August 29, 2012
Researcher Spotlight: Kelly Damphousse
BY MARY BECK
This month’s Researcher Spotlight features Kelly Damphousse, who not only conducts research for START but also serves as Associate Dean in the College of Arts and Sciences at the University of Oklahoma, where he is a President’s Associates Presidential Professor of Sociology. Born in Alberta, Canada, Damphousse talked about how he went from dreaming about being an NHL goalie to informing the counter terrorism community with his research.
Describe your educational background?
Growing up in Canada, my whole life I wanted to be a goalie in the NHL or be a Mountie with the Royal Canadian Mounted Police. When I graduated high school, I knew the hockey thing wasn’t going to happen, so I went to a junior college in Canada to get a law enforcement diploma. The plan was to go there for two years and then become a Mountie but when I graduated, and couldn’t get a job as a police officer, I began working in a prison.
While I was working there, one of my former instructors talked me into going to school in the States to get a criminal justice degree, in hopes that I would return to Canada and become a Mountie. I sold everything I had, bought a motorcycle and drove down to Texas for school at Sam Houston State University. There, I earned my Bachelor of Science in criminal justice. A few years later, my wife talked me into applying to graduate school and I went to Texas A&M University, where I earned my master’s degree and a Ph.D. in sociology in 1994.
What drew you to researching terrorism?
I didn’t do terrorism research in grad school -- I was a drugs and crime researcher.. I took my first job at the University of Alabama at Birmingham, and my boss there was Dr. Brent Smith, who was one of the few criminologists studying terrorism back before the Oklahoma City bombing in 1995. Before meeting him, I didn’t even know that terrorism research existed as a field of scholarly research.
We published our first paper together in 1996 and later got some money from the Memorial Institute for the Prevention of Terrorism to expanded our data collection and create a project called the American Terrorism Study.
What hobbies do you have outside of researching?
I have a couple of daughters, and I spend a lot of time with them. I’m a distance bike rider and will go on 100 km bike rides.
In all of your research, what has been the most interesting or most rewarding project?
I really think a lot of the stuff I’ve done in terrorism, especially some of the stuff funded by START, has been the most rewarding because I think it’s work that has the potential to be used by people trying to fight terrorism.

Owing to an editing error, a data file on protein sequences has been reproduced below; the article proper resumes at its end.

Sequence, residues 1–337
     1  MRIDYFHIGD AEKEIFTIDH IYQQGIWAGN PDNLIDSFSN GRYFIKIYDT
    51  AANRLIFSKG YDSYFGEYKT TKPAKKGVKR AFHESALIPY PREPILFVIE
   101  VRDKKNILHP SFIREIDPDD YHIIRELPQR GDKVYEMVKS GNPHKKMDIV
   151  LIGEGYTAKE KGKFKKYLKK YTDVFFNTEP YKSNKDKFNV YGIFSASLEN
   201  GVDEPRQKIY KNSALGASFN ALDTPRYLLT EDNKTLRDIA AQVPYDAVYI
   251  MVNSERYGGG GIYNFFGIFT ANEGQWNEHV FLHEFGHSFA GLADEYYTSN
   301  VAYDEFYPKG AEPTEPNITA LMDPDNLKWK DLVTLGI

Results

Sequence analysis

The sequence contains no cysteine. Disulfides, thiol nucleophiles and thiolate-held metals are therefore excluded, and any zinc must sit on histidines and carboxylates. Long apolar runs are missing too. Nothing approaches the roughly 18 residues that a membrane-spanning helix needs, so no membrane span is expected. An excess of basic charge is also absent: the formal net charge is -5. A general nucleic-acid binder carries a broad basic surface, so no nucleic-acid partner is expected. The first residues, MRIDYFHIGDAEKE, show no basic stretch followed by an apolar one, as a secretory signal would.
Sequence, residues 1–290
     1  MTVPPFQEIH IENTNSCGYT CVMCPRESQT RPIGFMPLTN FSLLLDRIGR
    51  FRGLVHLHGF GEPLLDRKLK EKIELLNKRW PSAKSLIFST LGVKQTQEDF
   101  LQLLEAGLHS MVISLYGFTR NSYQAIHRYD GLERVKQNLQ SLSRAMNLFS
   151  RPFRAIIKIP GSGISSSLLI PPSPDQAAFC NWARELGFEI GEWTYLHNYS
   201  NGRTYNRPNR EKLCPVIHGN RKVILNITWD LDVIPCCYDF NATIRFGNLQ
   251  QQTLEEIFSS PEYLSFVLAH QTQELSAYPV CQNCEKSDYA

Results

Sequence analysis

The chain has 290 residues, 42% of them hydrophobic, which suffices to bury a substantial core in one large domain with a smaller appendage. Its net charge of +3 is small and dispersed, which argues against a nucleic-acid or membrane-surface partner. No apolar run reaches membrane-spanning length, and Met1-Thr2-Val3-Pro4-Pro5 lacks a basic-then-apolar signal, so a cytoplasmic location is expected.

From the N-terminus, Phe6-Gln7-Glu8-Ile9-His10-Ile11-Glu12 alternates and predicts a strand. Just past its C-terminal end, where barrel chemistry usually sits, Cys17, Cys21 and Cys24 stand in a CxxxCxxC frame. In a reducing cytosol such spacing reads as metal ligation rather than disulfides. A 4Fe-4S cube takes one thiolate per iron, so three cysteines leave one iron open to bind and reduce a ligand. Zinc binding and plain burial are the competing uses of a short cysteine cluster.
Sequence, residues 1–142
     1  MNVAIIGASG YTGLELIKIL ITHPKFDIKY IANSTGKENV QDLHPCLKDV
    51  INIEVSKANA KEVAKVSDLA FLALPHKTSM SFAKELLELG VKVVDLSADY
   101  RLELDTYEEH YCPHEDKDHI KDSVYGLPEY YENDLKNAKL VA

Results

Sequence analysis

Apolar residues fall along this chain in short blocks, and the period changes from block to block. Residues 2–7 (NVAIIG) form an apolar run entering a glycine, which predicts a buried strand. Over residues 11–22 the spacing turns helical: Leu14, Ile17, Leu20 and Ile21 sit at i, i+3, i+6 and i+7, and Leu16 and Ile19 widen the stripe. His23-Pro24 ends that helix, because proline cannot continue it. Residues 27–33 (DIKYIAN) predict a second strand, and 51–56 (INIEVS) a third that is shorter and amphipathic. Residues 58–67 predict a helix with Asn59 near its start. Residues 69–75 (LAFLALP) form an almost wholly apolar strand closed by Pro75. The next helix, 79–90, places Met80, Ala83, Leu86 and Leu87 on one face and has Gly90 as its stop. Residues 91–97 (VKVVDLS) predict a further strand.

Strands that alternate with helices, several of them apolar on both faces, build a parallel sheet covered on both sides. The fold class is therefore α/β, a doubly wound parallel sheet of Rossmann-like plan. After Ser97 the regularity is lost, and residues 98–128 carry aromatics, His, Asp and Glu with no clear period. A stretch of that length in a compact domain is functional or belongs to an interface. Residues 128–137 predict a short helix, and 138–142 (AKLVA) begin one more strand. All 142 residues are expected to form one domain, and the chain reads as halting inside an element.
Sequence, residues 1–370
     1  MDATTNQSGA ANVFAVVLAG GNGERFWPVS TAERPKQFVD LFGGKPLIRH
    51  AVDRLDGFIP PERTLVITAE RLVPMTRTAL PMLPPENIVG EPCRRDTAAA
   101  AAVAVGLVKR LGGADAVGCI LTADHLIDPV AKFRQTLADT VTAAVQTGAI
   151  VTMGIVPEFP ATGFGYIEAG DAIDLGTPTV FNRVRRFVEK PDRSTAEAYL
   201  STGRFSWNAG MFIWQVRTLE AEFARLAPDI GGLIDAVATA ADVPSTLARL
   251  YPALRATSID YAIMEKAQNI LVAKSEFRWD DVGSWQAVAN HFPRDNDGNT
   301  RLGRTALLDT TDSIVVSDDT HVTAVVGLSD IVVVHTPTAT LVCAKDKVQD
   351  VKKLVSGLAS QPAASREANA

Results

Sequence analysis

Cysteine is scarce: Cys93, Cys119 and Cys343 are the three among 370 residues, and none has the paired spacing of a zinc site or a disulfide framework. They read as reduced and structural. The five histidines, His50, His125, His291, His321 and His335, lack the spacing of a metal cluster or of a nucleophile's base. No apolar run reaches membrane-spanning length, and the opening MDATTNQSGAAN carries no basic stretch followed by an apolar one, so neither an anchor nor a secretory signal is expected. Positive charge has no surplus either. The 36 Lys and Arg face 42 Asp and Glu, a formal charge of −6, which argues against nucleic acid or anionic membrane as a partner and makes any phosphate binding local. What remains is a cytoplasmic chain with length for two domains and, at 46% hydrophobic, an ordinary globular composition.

Some of the research Brent and I were doing before we got involved with START had a lot to do with the prosecution of terrorism by the federal court system. I feel like federal prosecutors and even federal investigators can use the American Terrorism Study data to better understand the outcomes of certain prosecution strategies. Currently with START, we’re working to integrate relevant databases, and I think that will be useful for analysts. I’m really grateful to be part of that effort. I feel like, in some ways, the research that I’m doing with START makes me a little bit of a counterterrorism professional, in that I’m actually helping the counterterrorism community do its job better.
What is the best advice you could offer to a young researcher?
Never say no. I was not really interested in terrorism research when I first met Brent. I had been trained in the drugs and crime nexus and saw myself as more of a social psychologist. If I had ignored his request and continued on my narrow focus, I would never have gotten involved in terrorism research and my career would have been much less interesting. Getting to work with folks like Brent Smith, Gary LaFree, Steve Chermak, Josh Freilich, and all the other START researchers has changed my life for good, in every sense of that word.
What kinds of research projects do you hope to tackle in the future?
One of the things we’re trying to do right now is to better understand the radicalization process. How do people who are upset with the current situation, how do they get from what I always call the “here to the there”? How do they get from being just like everyone who’s upset about something to actually engaging in direct action? I’m really interested in that process and that’s something we haven’t looked too much at right now.
The Researcher Spotlight is a monthly Q&A series designed to profile START researchers and staff for their accomplishments and personal journey to the field of terrorism studies. To nominate consortium researchers or staff members for consideration, email email@example.com with Researcher Spotlight Suggestion in the subject line.